The application was unanimously refused – at least – the WW thinks it was – as it is too much trouble for anyone to actually announce the result! Just an almost silent counting of hands. What’s happened to the electronic voting system?

You can watch it here:

5 thoughts on “Farnham garden saved from the diggers? But for how long?”

  1. One of the problems posed by development applications on flood planes, is that any modelling done by the applicants or requested by the planning officers is ALWAYS going to be “flawed” as they will be based on old data and assessments from the Environmental Agency. The data used for last nights planning meeting clearly does NOT represent the flooding caused by the recent storms nor what might happen in the future with climate change. Planning officers can only go by the data they are provided with, and they are NOT allowed to use crystal ball,
    So perhaps its about time the EA (who must be struggling to cope) or the Government brings in some new legislation that DOES predict the future?
    Otherwise applicants such as the one being discussed can continue to manipulate flawed planning regulations.

  2. Yesterday’s Telegraph front page: “Flood prone communities may have to be abandoned and residents moved elsewhere”, the head of the Environment Agency will say at Tuesday’s World Water Tech Innovation Summit in London. Sir James Bevan will also say building on flood plains should only happen if there is no real alternative”

  3. We wholeheartedly agree with your comments, and we feel quite sorry for officers who can only use the policies and modelling data they are presented with. As one said, I am not an expert on flooding, neither am I a Civil Engineer.

    However, there have been some dreadful mistakes made in the past by Waverley Planners, and the chickens are coming home to roost in our borough. Homes under consruction in Flood zones are displacing the floodwater to other properties. Despite being warned, and however loud residents shouted, they were totally ignored.

    Now home-owners nearby are living in fear, and until someone, somewhere takes note of local knowledge of areas that repeatedly flood – then we are going to hell in a handcart – or an inflatible dinghy?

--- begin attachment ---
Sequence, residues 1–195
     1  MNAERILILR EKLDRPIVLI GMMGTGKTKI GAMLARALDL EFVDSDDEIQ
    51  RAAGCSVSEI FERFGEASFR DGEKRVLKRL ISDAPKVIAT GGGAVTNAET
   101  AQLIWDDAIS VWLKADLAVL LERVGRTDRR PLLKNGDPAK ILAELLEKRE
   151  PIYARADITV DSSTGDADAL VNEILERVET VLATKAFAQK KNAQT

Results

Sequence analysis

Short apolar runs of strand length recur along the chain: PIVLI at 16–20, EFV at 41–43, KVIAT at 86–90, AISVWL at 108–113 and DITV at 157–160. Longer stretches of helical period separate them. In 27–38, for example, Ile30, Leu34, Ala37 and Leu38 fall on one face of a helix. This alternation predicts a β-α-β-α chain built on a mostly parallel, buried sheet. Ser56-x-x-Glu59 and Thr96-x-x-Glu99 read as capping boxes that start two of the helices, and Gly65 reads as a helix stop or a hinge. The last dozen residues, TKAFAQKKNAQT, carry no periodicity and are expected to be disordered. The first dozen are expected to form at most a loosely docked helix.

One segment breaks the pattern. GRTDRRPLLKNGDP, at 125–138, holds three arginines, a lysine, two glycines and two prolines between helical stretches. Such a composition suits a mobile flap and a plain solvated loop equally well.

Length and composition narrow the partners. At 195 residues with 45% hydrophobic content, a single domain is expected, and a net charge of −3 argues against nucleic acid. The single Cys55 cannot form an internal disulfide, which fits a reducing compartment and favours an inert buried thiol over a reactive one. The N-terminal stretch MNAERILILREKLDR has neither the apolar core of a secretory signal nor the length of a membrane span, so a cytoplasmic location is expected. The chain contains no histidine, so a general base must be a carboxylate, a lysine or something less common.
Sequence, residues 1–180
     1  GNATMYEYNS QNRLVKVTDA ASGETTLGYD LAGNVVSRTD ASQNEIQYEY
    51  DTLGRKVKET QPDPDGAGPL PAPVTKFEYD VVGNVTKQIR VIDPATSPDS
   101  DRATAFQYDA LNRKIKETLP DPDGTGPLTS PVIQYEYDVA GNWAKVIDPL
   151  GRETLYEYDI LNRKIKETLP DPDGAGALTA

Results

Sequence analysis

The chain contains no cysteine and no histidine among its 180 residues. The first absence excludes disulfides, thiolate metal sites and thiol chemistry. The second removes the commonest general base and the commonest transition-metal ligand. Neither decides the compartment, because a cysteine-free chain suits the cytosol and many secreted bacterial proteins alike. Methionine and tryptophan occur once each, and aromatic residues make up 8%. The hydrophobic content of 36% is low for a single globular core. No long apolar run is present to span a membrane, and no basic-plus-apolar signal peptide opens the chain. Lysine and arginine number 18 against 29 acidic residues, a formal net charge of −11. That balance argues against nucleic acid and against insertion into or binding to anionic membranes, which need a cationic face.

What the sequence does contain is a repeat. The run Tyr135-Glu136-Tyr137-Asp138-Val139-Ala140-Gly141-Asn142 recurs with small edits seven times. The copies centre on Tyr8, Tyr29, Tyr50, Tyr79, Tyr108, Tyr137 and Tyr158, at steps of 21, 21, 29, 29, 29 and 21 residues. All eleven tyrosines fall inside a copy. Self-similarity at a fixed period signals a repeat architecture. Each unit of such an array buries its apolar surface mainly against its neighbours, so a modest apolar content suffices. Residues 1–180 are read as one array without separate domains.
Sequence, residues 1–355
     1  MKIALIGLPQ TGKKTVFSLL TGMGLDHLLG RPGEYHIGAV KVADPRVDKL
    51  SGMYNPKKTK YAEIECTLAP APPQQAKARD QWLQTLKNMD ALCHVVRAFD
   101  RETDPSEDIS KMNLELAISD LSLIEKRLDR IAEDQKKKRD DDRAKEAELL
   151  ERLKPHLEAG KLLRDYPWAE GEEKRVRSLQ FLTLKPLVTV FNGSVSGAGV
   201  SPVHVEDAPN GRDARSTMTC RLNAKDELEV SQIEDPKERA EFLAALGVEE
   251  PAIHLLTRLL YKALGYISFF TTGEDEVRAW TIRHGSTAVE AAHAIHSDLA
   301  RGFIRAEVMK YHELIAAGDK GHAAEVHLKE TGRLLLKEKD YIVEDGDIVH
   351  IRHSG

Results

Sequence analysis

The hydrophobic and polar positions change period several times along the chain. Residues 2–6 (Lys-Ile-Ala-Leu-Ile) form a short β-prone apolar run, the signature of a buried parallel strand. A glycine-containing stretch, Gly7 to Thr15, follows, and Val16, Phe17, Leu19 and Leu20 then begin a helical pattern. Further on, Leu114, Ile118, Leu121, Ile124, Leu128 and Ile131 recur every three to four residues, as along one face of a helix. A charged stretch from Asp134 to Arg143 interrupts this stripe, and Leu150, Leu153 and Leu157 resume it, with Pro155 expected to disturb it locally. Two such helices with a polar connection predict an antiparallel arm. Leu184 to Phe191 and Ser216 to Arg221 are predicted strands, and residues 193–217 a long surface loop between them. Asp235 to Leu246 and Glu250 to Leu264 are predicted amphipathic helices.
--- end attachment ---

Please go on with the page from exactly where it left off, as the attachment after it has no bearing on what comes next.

Sir James Bevan is right. No building on flood plains should be allowed. Full stop. Alternatives must be found.

    The WW well remembers a Chief Planning Officer saying in response to residents’ and councillors’ fears over a large development next to Cranleigh Waters. That the properties would be built higher. This has happened elsewhere too- HGV’s delivering aggregate to build platforms on which to build new homes. So what about the surrounding homes, on lower ground?

    1. That is the whole point of the argument – No-one thinks of these applications as a whole – they are told they must do each on it’s Own merits – and yet the cumulative effect is far greater for existing and New residents – Just look at the Executives papers on How GREEN We are going to become 3rd March 2020

      “Countryside and Biodiversity
      WBC will improve and protect the biodiversity and ecology of their green spaces and protect them against the negative impacts of climate change. Tree planting and biodiversity policies will be prepared and delivered to ensure they are considered both in policy and practice across the Council’s services. Across the borough existing trees will be protected and sustainable tree planting expanded for the sequestering and storing of carbon.
      And yet they seem to think this is of no importance when someone chops down trees for a new Drive for an un-approved application – they are obviously on private land and not TPO – but there does appear to be a presumption in favour of this development on behalf of the applicant.

      NO building should be allowed on or adjacent to Flood Plains – It is not rocket science and moving a tarmacked drive a few feet is not going to help the situation. It is a desk based answer to a problem and someone needs to pull their finger out and come up with an answer to this and look at how this will effect the adjoining properties …. Water HAS to go somewhere and when you Tarmac over a floodplain there is only one way.

      So glad they refused – But no doubt this applicant will return Yet again! – Good Luck!

  4. I also heard of a case where a Waverley Officer carried out a Permeable Surface test with a watering can. When he saw his water drain through the surface, it passed his “test” and was able to declare at the planning meeting there would be no run-off from the driveway into the neighbour’s property!
    Logic tells us that Storm Dennis = one billion watering cans, BUT logic is not a material consideration.